ERIC Number: ED280101
Record Type: Non-Journal
Publication Date: 1987-Apr
Reference Count: N/A
The Effects of Intercultural Communication on Viewers' Perceptions.
Pohl, Gayle M.
Three studies explored the impact of the controversial television docudrama "Death of a Princess" on viewers' attitudes, comprehension, and desire to continue viewing the film. Sixty students in undergraduate communication classes participated in Study I, which measured attitude change induced by the film, relative to the viewers' prior knowledge base. A different group of 60 communication undergraduates took part in Study II, in which the same procedures were used, but attitude change relative to the viewers' level of religiosity was measured. Study III used a third group, 40 undergraduates enrolled, as were the others, in communication classes, to examine attitude change relative to personal evaluation of two concepts: "Saudi Arabia" and "Moslem." Each group was divided equally into those who reviewed the film and those who did not. Although it was hypothesized that viewing the docudrama would induce a more negative attitude toward Saudi Arabia, results indicated that a sweeping attitude change did not occur. Contrary to findings of previous research, men were found to be more persuadable than women. In addition, the control group developed a more positive attitude toward Saudi Arabia, while the group that actually viewed the film showed negative tendencies. Plausible explanations include: an inappropriate level of complexity for intercultural communication, differing conceptual schemes between groups, and previous exposure to media cultural bias. Overall, results suggest that the Saudi government's protest and the general international concern prior to the airing of the docudrama were unwarranted. (Data tables are appended.) (Author/NKA)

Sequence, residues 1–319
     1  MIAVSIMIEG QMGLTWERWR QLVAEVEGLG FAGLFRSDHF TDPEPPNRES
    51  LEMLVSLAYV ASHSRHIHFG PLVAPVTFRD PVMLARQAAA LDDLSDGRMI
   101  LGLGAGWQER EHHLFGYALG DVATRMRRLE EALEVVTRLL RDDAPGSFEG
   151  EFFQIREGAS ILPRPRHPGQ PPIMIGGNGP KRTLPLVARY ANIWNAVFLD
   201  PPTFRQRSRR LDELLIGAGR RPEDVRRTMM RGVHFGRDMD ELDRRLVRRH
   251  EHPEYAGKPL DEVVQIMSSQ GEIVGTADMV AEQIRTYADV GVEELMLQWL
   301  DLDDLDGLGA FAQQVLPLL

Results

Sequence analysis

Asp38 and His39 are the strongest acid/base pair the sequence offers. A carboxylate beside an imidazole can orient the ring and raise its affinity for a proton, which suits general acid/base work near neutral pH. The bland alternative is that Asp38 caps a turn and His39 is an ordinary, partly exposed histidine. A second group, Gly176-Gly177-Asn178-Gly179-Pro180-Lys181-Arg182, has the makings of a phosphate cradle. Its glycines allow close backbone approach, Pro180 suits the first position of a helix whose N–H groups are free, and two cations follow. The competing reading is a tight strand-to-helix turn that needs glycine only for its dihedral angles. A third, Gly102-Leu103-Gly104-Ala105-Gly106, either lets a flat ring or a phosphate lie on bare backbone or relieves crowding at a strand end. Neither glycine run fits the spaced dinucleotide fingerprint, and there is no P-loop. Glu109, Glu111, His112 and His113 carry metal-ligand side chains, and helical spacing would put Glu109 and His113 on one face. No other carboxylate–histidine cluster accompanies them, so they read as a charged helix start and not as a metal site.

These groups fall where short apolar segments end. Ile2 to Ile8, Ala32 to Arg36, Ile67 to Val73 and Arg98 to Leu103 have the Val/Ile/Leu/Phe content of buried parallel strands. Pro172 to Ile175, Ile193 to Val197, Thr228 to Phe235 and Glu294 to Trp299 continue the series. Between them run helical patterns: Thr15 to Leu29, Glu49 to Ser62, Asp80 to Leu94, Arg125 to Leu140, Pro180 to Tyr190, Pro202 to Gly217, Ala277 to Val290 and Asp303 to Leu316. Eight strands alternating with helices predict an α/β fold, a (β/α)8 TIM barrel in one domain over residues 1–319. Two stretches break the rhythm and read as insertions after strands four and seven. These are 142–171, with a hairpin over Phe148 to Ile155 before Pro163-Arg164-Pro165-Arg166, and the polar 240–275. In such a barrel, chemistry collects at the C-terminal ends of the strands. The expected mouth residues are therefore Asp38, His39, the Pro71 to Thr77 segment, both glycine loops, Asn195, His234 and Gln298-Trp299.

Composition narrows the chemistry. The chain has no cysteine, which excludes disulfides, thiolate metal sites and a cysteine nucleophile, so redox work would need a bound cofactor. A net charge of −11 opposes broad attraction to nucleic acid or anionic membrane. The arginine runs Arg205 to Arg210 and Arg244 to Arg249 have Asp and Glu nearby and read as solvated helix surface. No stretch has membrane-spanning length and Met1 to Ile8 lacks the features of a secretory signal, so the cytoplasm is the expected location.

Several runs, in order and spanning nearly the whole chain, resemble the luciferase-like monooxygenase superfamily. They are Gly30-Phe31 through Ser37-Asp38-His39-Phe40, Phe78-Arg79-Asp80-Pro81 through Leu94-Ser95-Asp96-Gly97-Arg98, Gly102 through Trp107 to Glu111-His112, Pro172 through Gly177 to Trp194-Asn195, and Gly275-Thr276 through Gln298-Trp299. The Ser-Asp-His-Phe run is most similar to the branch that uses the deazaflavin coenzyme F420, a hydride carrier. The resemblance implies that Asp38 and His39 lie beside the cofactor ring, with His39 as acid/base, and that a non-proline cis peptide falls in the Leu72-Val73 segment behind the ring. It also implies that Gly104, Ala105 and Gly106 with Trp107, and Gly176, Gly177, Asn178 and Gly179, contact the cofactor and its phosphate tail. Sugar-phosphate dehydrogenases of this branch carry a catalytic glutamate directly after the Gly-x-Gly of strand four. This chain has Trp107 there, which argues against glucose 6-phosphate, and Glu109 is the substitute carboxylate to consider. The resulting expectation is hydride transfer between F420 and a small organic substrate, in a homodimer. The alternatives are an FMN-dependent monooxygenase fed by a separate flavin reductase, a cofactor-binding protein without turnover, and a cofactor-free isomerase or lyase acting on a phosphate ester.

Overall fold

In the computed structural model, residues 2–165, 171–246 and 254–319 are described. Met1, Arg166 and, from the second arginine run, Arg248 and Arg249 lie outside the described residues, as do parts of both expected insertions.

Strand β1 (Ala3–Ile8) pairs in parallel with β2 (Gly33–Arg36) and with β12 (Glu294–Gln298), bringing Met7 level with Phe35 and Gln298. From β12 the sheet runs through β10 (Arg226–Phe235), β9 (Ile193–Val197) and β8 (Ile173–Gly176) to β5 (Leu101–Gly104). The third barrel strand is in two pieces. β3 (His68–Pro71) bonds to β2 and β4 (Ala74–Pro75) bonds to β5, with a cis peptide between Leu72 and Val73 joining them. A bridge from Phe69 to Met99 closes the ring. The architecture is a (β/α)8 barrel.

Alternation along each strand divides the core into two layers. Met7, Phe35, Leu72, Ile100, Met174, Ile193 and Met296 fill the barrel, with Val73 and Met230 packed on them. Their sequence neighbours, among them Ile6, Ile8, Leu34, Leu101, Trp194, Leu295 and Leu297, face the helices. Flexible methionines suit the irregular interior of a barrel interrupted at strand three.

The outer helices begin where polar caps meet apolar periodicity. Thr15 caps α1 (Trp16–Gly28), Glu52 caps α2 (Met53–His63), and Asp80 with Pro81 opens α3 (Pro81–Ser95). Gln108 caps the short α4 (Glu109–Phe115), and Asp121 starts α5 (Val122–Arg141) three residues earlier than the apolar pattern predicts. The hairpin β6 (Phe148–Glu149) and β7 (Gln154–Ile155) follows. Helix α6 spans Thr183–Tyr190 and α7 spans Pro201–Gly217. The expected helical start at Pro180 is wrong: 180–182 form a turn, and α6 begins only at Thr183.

Publication Type: Reports - Research; Speeches/Meeting Papers
Education Level: N/A
Authoring Institution: N/A
Identifiers - Location: Saudi Arabia